February 6, 2012

ANEW STUDY of the District’s public schools has the teachers union bristling about jobs, defenders of traditional schools fearing further gains for charter schools and some neighborhoods worrying their schools will close. Getting short shrift are the 14,236 children in the 46 schools where learning is judged so abysmal that projections show little or no improvement over the next five years. At the current rate of improvement, it will be 2045 before 75 percent of D.C. students are at grade level in math and 2075 before they are at grade level in reading. That’s unacceptable, and it is why we hope the information gleaned from this analysis will lead to new solutions.

The independent study, commissioned by Mayor Vincent C. Gray’s administration, takes a supply-and-demand approach to public education. The Chicago-based nonprofit IFF examined traditional public and charter schools in each of the city’s 39 neighborhood clusters and identified 10 communities with the greatest gap between student demand and supply of high-quality education. Not surprisingly, the greatest need for high-performing schools is in poor neighborhoods in Ward 7 and 8. Most top schools are in the northwest and central areas of the city.

The report makes a number of sensible suggestions: ensure that all classroom seats are filled in the high-performing schools; focus attention and resources on Tier 2 schools to get them to top-performing status; and close underutilized, outmoded and badly performing schools.

Clearly, the city is not about to close 46 schools overnight and, as Deputy Mayor for Education De’Shawn Wright stressed, the study is the starting point for coming up with solutions. Nonetheless, as The Post’s Bill Turque reported, pushback was almost immediate. Washington Teachers’ Union President Nathan Saunders assailed the “assault on traditional public education” and the threat to public school jobs, while others attacked the use of test score data to judge a school’s worth.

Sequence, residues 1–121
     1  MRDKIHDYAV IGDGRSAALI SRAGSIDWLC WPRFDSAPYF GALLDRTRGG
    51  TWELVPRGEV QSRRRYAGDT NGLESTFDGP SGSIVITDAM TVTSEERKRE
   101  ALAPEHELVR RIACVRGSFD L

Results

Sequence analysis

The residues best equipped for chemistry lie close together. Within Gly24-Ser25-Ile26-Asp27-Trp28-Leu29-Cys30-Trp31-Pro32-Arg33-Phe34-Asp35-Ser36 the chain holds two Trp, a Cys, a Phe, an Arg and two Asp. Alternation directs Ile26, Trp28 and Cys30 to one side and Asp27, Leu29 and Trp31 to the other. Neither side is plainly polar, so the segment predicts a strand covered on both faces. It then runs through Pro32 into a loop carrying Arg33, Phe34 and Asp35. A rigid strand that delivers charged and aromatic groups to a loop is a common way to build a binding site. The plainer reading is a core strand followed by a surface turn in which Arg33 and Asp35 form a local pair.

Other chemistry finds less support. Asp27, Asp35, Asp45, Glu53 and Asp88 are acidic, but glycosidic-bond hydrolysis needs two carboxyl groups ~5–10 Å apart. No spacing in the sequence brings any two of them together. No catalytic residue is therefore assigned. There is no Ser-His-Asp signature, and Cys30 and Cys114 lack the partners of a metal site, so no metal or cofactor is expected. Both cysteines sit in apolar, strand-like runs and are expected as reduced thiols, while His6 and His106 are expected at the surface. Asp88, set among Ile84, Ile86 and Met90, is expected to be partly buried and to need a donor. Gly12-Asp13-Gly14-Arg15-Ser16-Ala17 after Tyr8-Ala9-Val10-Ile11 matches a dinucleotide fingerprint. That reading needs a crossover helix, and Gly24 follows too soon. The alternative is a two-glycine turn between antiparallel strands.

Doing things the way they have always been done helped contribute to a public education system in which fewer than half of students perform on grade level. School reforms started in the previous administration, and continued by Mr. Gray, have improved teaching and boosted student performance, but, as this report attests, the bulk of the work is still undone. Critical to this effort is better cooperation and more rational use of resources between charters and the public school system; the only criterion should be student success.

City officials, mindful of the turmoil when former chancellor Michelle A. Rhee closed schools, said any restructuring will not be made for at least a year. Mr. Gray is right to want to consult with affected communities in making informed decisions, but he also must be mindful that children stuck in failing schools don’t have a day to waste.